There are numerous styles of port, all made from native Portuguese grapes. The first is ruby port, a rich and smooth sip with luscious dark berry and chocolate flavors. Since there are plenty of affordable ruby ports available, this style can be a good place to start your exploration into this type of wine. Try pairing it with Dark Chocolate Truffles Next up is tawny port: Tawny ports are aged in small oak barrels for a longer period of time than ruby, so they are exposed gradually to oxygen which creates a golden brown color and nutty flavor. Tawny port often taste like toffee, caramel, hazelnuts, graham crackers, and butterscotch. For the best taste, try pairing twany port with a cheese board or Honey-Roasted Salted Figs. Bridge recommends tawny as a great accompaniment to Tarte Tatin.
Created by Croft in 2008, rosé port is an exciting new category—and it's easy to see why. After all, if rosé is taking the wine world by storm, why not also port wine? The wine is made by leaving the skins on the grapes for a short time to get the desired bright pink color, then aged in steel tanks briefly and bottled young and fresh. It has bright strawberry and cherry flavors; it's great chilled or served on ice with a squeeze of lime. Bright and slightly sweet, it goes well with spicy dishes. Try pairing rosé port with Spicy Shrimp Fajitas with Grilled Pineapple Pico
Made with Portuguese white grapes including malvasia, rabigato, viosinho, and gouveio, white port has flavors of citrus, apricots, baked apple, and almonds. Try it in cocktails; Bridge recommends this simple one made with Taylor's Chip Dry and tonic: "Pour in a high ball glass, with two or three cubes of ice, topped up with tonic water, a sprig of mint and slice of lemon. It's the perfect aperitif with some salted almonds or rich pâté." Enjoy a glass of white port with Olive-Oil Roasted Almonds or Fried Olives.
By far the most expensive and coveted port is vintage, because it is made only from grapes grown in a particularly excellent year. (Other ports are blends of many different vintages.) Not every year is declared worthy of a vintage port, as vintage years are rare and it's generally thought that a vintage port needs to age anywhere from 10 to 40 years in the bottle before it is ready for drinking. However, this makes it a great gift for a collector. You can't go wrong pairing a vintage port with Stilton Cheese. Last but not least is the category called late bottle vintage (LBV). These are ports that may have been intended for vintage port, but instead were left to age in the barrel for four to six years; for that reason, they're ready to drink right after bottling. If you want to taste a little of that vintage experience without waiting 40 years, LBV is the style for you. Enjoy an LBV port with the same types of foods you'd pair with vintage port. Our Blue Cheese Gougères with Caramel and Salt would be a good start.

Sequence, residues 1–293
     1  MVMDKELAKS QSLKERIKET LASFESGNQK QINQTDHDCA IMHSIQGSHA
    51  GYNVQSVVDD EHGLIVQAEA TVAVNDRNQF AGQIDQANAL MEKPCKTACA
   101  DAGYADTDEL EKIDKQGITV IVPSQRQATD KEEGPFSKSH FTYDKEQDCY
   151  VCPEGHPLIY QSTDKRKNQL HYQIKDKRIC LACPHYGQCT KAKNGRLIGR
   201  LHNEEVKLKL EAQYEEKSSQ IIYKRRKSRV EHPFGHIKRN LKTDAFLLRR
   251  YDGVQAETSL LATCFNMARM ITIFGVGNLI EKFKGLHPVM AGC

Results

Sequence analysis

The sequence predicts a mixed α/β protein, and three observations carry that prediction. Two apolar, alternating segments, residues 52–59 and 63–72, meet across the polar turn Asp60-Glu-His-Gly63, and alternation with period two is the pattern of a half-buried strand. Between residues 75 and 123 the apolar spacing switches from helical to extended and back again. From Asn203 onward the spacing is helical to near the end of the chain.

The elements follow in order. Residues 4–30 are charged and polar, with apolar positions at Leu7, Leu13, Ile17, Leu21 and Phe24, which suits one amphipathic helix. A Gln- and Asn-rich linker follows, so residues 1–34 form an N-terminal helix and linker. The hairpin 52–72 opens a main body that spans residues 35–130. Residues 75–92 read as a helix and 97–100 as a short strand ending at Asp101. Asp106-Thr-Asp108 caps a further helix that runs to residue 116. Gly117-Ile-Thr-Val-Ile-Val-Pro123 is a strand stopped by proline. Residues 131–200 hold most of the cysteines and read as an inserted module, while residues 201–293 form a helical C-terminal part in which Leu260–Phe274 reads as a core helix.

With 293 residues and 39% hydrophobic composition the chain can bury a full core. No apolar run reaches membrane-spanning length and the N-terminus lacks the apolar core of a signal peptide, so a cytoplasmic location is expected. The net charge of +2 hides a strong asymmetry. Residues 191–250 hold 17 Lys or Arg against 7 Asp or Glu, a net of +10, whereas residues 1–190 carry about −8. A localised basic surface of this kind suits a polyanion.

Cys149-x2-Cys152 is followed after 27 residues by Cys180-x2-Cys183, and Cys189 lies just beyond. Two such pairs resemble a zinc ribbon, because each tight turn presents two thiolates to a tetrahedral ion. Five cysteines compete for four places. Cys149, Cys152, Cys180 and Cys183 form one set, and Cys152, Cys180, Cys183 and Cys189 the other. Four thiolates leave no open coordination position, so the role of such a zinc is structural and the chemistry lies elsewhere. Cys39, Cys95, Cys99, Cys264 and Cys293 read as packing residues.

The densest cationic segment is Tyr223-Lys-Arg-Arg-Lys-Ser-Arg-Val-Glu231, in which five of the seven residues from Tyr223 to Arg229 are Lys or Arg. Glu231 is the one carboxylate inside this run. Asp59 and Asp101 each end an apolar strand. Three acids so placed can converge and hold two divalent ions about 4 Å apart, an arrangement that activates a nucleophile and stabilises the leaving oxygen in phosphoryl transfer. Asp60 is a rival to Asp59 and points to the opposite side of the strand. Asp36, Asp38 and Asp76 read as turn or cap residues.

How to Serve Port
Port should be served slightly cool, around 60 degrees. Because port is fortified, it stays fresh when opened longer than table wine. For ruby style, drink an open bottle within two weeks; tawny should be able to go about a month. The same storage rules apply as preserving a table wine: pump the oxygen out of the bottle, and keep the open bottles in your fridge. Because it's so rich and strong, the serving size for port is smaller than table wine: three ounces is standard (versus five to six ounces for table wines.) Specialty port glasses are smaller and often tulip-shaped to show off the aromas.